const int blue = 3;

const int FSR = 0; // FSR connected to analog pin 0

int level = 0; // variable for the level of force applied to the FSR

void setup() // run once to setup

{

pinMode (red, OUTPUT); // LED set as output

pinMode (yellow1, OUTPUT);

pinMode (yellow2, OUTPUT);

pinMode (green1, OUTPUT);

pinMode (green2, OUTPUT);

pinMode (blue, OUTPUT);

//analog pins are automatically set to input

}

void loop() // repeated routine

{

// first, read the pressure level

int level = analogRead(FSR);

//next, light up the LEDS according to pressure

if (level <200) {

analogWrite (red, level);

}
if (level >200) {

analogWrite (yellow1, level);

}

if (level >400) {

analogWrite (yellow2, level);

}

if (level >600 ) {

analogWrite (green1, level);

}

if (level >700) {

analogWrite (green2, level);

}

if (level >800) {

analogWrite (blue, level);

}

//Next tell it to turn off all lights if level = 0

if(level == 0) {

digitalWrite (red, LOW);

digitalWrite (yellow1, LOW);

digitalWrite (yellow2 ,LOW);

digitalWrite (green1, LOW);

digitalWrite (green2, LOW);

digitalWrite (blue, LOW);

}

//tell it to flash LEDS if pressure is greater than 800

if (level > 800) {

digitalWrite (red, HIGH);

digitalWrite (yellow1, HIGH);

digitalWrite (yellow2 ,HIGH);

digitalWrite (green1, HIGH);

digitalWrite (green2, HIGH);

digitalWrite (blue, HIGH);

delay(100);

digitalWrite (red, LOW);

digitalWrite (yellow1, LOW);

digitalWrite (yellow2 ,LOW);

digitalWrite (green1, LOW);

digitalWrite (green2, LOW);

digitalWrite (blue, LOW);

delay(100);

}

}

Step 4: Explanation of Code

Now let's break down the code. First we see:


// LED Pressure Game with Force Sensitive Resistor
const int red = 11; // LEDs connected to each pin const int yellow1 = 10; const int yellow2 = 9; const int green1 = 6; const int green2 = 5; const int blue = 3; const int FSR = 0; // FSR connected to analog pin 0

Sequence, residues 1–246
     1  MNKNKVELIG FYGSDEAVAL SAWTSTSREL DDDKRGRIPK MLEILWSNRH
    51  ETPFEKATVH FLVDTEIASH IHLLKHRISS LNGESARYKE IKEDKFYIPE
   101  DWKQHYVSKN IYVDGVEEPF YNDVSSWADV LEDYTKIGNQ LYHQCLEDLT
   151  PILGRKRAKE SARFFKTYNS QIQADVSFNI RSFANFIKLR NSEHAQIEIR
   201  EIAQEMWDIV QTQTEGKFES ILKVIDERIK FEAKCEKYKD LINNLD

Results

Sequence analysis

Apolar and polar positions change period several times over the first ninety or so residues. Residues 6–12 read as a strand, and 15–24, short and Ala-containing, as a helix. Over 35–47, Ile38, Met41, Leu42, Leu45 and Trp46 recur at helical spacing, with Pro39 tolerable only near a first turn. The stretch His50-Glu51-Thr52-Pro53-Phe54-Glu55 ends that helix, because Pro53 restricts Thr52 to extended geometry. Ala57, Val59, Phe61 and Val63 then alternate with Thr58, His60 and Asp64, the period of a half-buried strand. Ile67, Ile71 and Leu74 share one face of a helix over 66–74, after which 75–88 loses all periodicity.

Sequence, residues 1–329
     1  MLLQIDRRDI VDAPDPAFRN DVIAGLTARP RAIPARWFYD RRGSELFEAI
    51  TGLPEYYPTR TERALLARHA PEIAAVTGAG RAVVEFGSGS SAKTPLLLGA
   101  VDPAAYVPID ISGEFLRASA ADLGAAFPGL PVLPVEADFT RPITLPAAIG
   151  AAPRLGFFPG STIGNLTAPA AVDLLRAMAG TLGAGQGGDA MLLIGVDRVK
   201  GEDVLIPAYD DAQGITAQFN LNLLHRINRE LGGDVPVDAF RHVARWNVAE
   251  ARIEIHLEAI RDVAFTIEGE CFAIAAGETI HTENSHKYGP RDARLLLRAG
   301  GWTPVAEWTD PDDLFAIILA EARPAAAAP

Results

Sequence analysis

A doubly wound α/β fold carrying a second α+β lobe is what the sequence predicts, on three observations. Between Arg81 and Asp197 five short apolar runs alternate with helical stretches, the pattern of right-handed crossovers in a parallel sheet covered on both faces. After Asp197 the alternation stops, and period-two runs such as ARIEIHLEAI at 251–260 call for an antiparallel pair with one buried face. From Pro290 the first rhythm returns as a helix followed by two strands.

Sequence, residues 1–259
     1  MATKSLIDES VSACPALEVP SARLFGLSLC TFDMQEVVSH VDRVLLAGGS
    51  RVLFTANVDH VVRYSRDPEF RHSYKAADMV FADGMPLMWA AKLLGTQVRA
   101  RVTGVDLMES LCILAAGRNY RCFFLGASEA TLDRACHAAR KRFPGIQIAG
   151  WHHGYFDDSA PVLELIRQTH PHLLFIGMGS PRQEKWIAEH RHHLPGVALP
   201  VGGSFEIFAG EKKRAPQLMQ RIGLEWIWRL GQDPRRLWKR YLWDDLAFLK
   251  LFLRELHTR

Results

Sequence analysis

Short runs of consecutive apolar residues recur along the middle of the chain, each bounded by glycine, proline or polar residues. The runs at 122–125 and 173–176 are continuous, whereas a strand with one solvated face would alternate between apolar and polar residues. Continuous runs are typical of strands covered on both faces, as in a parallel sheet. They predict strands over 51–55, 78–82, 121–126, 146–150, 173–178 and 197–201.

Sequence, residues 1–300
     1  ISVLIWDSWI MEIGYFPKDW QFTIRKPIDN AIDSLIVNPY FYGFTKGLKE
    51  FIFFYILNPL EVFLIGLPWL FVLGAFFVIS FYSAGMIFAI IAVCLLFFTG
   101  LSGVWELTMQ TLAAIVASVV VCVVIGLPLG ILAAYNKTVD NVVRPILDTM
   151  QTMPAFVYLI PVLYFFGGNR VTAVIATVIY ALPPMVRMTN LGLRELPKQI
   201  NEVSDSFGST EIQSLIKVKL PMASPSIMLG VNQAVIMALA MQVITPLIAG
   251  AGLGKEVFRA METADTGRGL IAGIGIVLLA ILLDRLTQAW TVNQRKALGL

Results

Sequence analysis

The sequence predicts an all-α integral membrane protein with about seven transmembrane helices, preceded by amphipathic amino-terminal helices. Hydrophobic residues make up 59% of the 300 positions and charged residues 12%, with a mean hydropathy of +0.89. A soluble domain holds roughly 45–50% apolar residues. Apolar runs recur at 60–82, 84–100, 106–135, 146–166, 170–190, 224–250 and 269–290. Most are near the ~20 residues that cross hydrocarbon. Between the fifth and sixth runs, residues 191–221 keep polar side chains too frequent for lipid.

I have seen this written as const int or just int, but I went with const int and it worked for me.

We are just telling the arduino which pins we are using, and setting a code for ourselves to make it easier to remember which pin is which. This is where you could rename the colors to match your setup. If you change the color name here, do a Ctrl+F and find all instances of that word and replace it.

Next is

int level = 0; // variable for the level of force applied to the FSR

This just sets up a variable for level, which we will use to measure the force applied to the FSR (Force Sensitive Resistor). We set it to 0 initially.

void setup() // run once to setup { 
  pinMode (red, OUTPUT); // LED set as output
  pinMode (yellow1, OUTPUT);
  pinMode (yellow2, OUTPUT);
  pinMode (green1, OUTPUT);
  pinMode (green2, OUTPUT);
  pinMode (blue, OUTPUT);}

The void setup runs once to setup the sketch. We are just telling the Arduino which pins we want as output. Note that the analog pin where we have the FSR is automatically set as input, so we don't have to put that here.